The heart of pride is a sense that we are better than anyone else, very much like those of us who grew up in Texas, knew that we were better than any other state. What Paul tells them though is that every other Christian, including Paul, can have everything that they have. Here is how he puts it, in a rather Pauline, sarcastic manner. “So, let no one boast in human leaders. For all things are yours, whether Paul, or Apollos, or Cephas or the world or life or death or the present or the future-all belong to you, (but here’s the twist) and you belong to Christ and Christ belongs to God.” In other words, all those things that you think make you and your leaders great… may be and actually are possessed by everyone else who follows Jesus. They have the same leaders, the same new life, the same escape from death, the same present with Jesus and the same future with God. And above all of this, they do not belong to their charismatic leaders but to Jesus and to God. What Paul is telling them is that being in Christ is the great equalizer; that there is equality which does not allow for one group of believers to get all puffed up with pride. Instead they are to remember that humility is a virtue they were to cultivate.
Lesson two is a lesson in gratitude. One of the fascinating things about being from Texas is that we act as if we were the ones who won independence from Mexico, or secretly put all that oil in the ground or off-shore in the Gulf of Mexico, or that we invented high school football. There is this great myth that we did it all ourselves, forgetting that all we had been given in the land and what is under it, was a gift from God. This is essentially what Paul tells the Corinthians. “For who sees anything different in you? What do you have that you did not receive? And if you received it, why do you boast as if it were not a gift?” All of those things that Paul told them they possessed, and other possessed as well…life, death, present and future are all given to them by God in Jesus Christ. They did not discover them. They did not build them. They did not earn them. They did not create them. They are all gift and the so the response ought not to be puffed up pride, but gratitude; a gratitude that gives thanks to God and connects them with Paul and one another. And thus, humility is a virtue they were to cultivate.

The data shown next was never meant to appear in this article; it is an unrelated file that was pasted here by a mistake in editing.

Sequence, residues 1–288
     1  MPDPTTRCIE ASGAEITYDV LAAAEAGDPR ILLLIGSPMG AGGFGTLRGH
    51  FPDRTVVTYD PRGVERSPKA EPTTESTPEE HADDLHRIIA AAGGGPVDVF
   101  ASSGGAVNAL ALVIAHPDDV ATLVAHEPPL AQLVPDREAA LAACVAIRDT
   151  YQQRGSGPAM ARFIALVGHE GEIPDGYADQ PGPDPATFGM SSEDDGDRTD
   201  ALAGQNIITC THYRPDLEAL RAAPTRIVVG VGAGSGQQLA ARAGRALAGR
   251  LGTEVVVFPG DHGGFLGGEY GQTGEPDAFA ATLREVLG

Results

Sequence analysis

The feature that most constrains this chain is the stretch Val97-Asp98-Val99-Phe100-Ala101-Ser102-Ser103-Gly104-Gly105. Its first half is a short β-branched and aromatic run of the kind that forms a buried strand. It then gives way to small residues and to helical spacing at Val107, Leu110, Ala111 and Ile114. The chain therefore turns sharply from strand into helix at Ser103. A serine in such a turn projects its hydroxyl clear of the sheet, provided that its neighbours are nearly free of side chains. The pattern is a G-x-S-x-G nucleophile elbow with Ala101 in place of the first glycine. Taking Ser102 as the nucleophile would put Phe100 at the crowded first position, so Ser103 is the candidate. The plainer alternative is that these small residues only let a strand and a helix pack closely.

It would be easy to say that humility is a vanishing virtue, but as we can see from Paul it has never been a favorite virtue of the church or of society. Rather than being drawn to humility through equality and gratitude, human beings have been drawn to pride and power. Humility has been seen as weakness and surrender. Yet humility, is an essential quality for the life and work of the church. I say this because equality and gratitude make authentic Christian community possible. Without them, we are broken and divided. What I would like to do right now is to give you two challenges. First, turn and look around. As you do, remind yourself that each and every person you see is neither greater nor lesser than yourself. They are all a beloved child of God. Then when you leave here, see everyone you encounter in the same way, as one equal to you. Second, when the elements are passed, to fill your heart with gratitude for the gift of God’s love and grace in Christ, and let that gratitude drive all that you do and all that you are. And by these two actions, allow yourself to live in humility, thus making possible, authentic community, here and in the world.